Firstly, unlike the iPhone which was trying to break into an existing market, the iPad is trying to do some proper revolutionary stuff. Tablet PCs have never been big before, either because they just didn’t exist, or because people didn’t know about them or want them. Laptops came in, and then netbooks, and people have been happy with them so far. What Steve Jobs and his team have tried to do, as he explained in the keynote, is to make a product to bridge the gap between what computers can do and what phones and other handheld products can do, all the while doing it far better than netbooks have ever been able to. They see a niche here, and they’re trying to fill it with the iPad.
All good so far, but as a simple student I see a practical flaw with this particular niche. In the keynote Steve talks about how the iPad does photos, videos and the internet better and slicker than netbooks do. Fine, can’t argue with that, but if the iPad’s supposed to be a proper computing device, and not just a large iPod Touch, then surely it needs to do more than just the pretty stuff. The only useful thing demonstrated in the keynote that I remember was email.
This was a serious flaw in the product for me. How could the iPad claim to be a serious computing device if you can’t do proper work on it? The way I saw it, if I were to take an iPad to my university library I’d probably have fun for about half an hour showing everyone what it can do, but then they’d go back to typing up their notes and leave me alone with my toy. Doesn’t seem so revolutionary now does it? However, if you check out the ‘guided tours‘ section of the iPad’s page you’ll find a selection of videos that walk you through how various iPad functions work. Out of the 11 videos there are 3 on there that got me properly excited.
I’m referring of course to the iPad versions of ‘Pages’, ‘Numbers’ and ‘Keynote’. These are Apple’s own word processing, spreadsheet and slideshow programs, and having used them on my MacBook (particularly Pages, which beats Word for Mac hands down), seeing them on the iPad completely changed my view of the product. I’m not going to gush about these apps and what they do; instead I urge you to go and check them out for yourself, because I bet even if you’re a Windows fanboy you’ll be impressed. As for me, now I can really see what the fuss is about. Where before I saw the iPad as something fun but lacking in seriousness, I now see the iPad as a proper revolution in technology. The device that I thought was just an oversided iPod-slash-digital photo frame is actually a bona fide tablet computer with capability far beyond what I realised a few weeks ago, and that’s just the in-house apps. When the developers have got their own iPad apps into the App Store the possibilities really will be endless.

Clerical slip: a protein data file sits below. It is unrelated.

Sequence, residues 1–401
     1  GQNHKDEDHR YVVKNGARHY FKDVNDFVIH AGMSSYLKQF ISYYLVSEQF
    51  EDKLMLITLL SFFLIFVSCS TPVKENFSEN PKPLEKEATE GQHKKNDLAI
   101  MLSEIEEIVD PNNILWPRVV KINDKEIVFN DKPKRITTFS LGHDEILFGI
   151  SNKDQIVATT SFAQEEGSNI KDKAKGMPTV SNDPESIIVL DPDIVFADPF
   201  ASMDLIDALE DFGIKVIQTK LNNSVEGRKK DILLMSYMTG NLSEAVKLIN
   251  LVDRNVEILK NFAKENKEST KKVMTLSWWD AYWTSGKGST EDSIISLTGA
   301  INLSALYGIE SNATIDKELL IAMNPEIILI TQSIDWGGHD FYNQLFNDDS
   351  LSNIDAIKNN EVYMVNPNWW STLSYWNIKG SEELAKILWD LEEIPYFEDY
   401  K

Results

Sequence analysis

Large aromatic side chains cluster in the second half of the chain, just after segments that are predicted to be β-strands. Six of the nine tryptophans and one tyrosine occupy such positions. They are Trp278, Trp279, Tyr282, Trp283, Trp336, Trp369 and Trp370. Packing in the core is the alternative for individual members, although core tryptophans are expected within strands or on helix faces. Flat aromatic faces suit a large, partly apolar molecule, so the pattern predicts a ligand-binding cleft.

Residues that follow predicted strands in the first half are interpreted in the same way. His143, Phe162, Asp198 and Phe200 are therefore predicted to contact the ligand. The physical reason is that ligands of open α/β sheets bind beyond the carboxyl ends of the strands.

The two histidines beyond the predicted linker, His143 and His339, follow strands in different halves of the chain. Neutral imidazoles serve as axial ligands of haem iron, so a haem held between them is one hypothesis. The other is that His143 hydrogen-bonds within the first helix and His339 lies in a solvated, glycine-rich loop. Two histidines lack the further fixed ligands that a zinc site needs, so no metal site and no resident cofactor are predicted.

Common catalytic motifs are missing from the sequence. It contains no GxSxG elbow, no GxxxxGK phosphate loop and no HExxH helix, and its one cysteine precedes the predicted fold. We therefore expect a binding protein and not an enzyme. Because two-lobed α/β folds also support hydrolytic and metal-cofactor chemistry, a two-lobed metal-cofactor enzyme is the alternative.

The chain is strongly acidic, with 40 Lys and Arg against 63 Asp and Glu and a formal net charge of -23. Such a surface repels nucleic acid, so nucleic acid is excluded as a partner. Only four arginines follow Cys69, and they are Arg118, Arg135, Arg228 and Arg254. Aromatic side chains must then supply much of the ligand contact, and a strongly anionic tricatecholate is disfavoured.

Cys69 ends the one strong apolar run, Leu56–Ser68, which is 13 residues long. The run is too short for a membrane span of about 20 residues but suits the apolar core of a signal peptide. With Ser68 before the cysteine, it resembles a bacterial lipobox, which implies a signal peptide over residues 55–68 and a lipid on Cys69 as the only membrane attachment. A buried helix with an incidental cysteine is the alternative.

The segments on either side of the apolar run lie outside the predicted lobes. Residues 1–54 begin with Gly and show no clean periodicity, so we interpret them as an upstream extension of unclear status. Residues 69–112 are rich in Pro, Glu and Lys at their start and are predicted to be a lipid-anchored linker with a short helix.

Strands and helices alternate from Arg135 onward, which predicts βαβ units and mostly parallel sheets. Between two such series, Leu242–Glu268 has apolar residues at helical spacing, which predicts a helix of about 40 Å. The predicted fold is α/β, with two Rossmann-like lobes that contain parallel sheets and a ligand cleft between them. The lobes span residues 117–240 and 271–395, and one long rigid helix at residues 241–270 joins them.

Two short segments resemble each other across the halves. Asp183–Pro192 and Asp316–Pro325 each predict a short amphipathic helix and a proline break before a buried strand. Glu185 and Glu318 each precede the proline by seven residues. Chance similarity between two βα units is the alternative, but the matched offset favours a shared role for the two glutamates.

I’d like to end this slightly overlong iPad piece by mentioning something that Stephen Fry says in the article I mentioned above. He talks about the emotional relationship that Apple’s intends us to have with our devices. Yes it’s just technology, but when you use something as often as you use, for example, your mobile phone, you do get emotionally attached to it. This is true nowhere more-so than with Apple. They take that user-product relationship right to the core of their products. They make sure that it’s their job to sort out all the clever technological bits, and they leave you free to enjoy what is as close to the perfect user experience as it gets. The iPad is the latest device aiming to surpass the incredibly high standards we’ve come to expect from Apple, and in this fanboy’s opinion Apple have nailed it once again. Bravo!
*I started writing this before it was released, and as I’m posting it the iPad is available to buy. Who’da thunkit.